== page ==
Tonight, Draper's latest liason becomes more complicated. Peggy and Paul get competitive over accounts. Don and Betty are grateful that "Caller ID" has yet to be invented and Sterling Cooper goes up for sale.
Don seems to be shacking up with teacher lady on the regular, and it's getting too close for comfort. As much as he seems to show his sly displeasure with her creeping closer into his real life, he secretly enjoys getting so close to the fire.
Don's kid picks up the phone and the caller quickly hangs up, leading both Don and Betty to speculate if the person on the other line is their paramour. The kids! What about the kids?? It's a sad, subtle reminder that in a era before the divorce generation, the kids are always the one in the middle, left with the brunt of the radioactivity after the bomb drops.
Don confronts the teacher on his train on the way to work and she threatens to leave, but he quickly dissolves in her puppy dog eyes when she tells him "I don't care about your marriage, your work or any of that. As long as I know you're with me." Oh Don, you really can't help yourself.
Paul gets a little too comfortable in his office, the scene shifts shortly after he pours himself a drink and unbuckles his belt. Did Paul crank one off? He gets inspiration from a janitor in the office kitchen, goes back to his office and passes out drunk on his couch. He wakes up thinking he had some wonderful notes for the account he's working on with Peggy. His stress to try and keep up with the ambitious rising star is causing him to lose control. Word of advice: stick to the weed, Paul. You'll still fall asleep but you'll always know where the papers are.
London's calling and while Bert Cooper is ambivalent about joining the 40th anniversary party for Sterling Cooper, they drop the bomb on Lane that they're looking to sell the company and "expect all the flowers in the vase." The firm is doing quite well and London wants to leverage the party to drum up interest in finding a buyer, leaving Lane to "pour the honey on" and get Bert to join.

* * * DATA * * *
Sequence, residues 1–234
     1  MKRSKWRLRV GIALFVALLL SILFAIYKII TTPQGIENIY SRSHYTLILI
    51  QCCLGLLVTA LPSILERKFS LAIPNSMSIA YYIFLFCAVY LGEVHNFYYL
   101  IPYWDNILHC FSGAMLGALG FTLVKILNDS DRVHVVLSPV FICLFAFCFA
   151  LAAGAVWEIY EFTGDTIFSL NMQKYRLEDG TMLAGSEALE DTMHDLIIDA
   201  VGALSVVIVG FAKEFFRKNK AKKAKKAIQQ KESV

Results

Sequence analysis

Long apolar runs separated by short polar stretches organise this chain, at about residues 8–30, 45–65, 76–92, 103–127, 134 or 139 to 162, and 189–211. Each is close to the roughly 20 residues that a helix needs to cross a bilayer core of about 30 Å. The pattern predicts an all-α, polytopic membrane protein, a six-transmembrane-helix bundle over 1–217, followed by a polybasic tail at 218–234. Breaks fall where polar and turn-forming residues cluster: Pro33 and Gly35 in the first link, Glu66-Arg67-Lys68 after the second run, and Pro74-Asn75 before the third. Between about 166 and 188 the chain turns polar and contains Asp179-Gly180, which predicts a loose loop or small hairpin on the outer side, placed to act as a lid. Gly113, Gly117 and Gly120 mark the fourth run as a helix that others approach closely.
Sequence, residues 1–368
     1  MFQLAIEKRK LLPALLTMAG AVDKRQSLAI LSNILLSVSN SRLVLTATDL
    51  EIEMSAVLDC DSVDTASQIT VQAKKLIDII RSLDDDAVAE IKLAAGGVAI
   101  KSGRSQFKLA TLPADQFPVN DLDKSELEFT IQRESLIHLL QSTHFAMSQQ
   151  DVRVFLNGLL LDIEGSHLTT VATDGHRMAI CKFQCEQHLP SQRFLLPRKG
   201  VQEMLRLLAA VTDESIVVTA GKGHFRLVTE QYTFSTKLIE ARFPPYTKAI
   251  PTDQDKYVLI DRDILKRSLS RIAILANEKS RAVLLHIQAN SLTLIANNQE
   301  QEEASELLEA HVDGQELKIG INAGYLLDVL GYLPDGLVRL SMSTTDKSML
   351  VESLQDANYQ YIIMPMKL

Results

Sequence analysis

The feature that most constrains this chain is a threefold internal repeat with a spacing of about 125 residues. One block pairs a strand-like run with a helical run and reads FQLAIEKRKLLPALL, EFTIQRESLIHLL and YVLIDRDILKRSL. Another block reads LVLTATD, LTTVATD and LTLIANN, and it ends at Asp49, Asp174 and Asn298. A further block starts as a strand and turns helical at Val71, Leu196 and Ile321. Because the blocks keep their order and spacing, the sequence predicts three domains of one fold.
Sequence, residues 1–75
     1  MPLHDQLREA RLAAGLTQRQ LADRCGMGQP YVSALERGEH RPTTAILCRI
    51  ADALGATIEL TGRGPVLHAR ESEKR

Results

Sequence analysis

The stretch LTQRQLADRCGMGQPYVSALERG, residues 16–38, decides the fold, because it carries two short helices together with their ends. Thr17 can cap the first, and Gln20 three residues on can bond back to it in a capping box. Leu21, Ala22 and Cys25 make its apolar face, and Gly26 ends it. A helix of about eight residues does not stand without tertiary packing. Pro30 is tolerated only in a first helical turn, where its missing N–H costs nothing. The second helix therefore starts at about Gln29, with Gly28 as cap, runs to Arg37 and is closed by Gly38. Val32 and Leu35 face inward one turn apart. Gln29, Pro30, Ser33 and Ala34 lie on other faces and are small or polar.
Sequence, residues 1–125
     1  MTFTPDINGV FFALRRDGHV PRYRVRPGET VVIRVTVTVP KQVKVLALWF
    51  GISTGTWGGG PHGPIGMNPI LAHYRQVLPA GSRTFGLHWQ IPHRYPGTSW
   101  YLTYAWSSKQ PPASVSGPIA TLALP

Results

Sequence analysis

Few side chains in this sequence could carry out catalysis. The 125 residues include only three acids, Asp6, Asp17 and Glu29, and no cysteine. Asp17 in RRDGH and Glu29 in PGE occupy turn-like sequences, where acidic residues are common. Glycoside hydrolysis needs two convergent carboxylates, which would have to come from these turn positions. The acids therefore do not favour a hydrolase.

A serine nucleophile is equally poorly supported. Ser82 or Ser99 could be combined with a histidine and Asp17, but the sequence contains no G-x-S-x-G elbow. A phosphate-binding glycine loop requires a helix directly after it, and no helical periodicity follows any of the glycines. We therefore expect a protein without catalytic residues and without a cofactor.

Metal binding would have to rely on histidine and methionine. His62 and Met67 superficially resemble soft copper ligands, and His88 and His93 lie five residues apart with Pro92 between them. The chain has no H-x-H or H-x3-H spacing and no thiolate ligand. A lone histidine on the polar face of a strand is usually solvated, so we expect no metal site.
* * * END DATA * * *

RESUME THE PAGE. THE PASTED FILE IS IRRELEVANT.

Don is to receive an award "for his humanity" at the party, to the amusement of Roger Sterling, who reveals he saved Don from a job where he was alternating between night school and working at a fur company. A fur company!
Betty rings up her gentleman caller and asks if he ring and ran her the other day. He's annoyed at her accusation, especially since she's put far more distance between them than Don has between himself and his lady friend.
Betty later finds keys in the wash that lead her to find some of Don's deepest secrets. She unlocks a drawer that holds multiple documents and other items in a shoe box, including a deed to a house in Long Beach, California, a divorce certificate for Anna and Donald Draper, dog tags, an Army certificate, and family pictures of "Dick" and his brother, "Adam." Presumably, the divorce certificate is to dissolve the marriage of the "real" Don Draper, not this Don Draper and the pictures are of "Dick" before he became "Don."
Meanwhile, Don offers to drive his lover's little brother to the job she set up for him, but little does she know little brother isn't taking the job. He's worried that his epilepsy will always prevent him from making a real life for himself. Don further complicates things by helping out his lover's brother, giving him his number and telling him to call if he needs anything. Don's life is starting to resemble one of those Russian nesting dolls, one appearance inside of another, inside of another.
Peggy saves Paul's butt, using a seemingly throwaway chinese proverb he uttered, "the faintest ink is better than the best memory" to build it into a brilliant idea to show how a telegram beats a phone call for lasting memories "You can't frame a phone call." Don is sufficiently satisfied with their pitch, virtually absolving Paul from his booze blunder.
The big Sterling Cooper gala concludes the episode, with Cooper presenting Don his award, singing Don's praises and laying it on thick. As the episode closes, we see Betty giving Don a stink eye that could clear a room. She's holding on to something she can hardly contain and it's about to come to a head.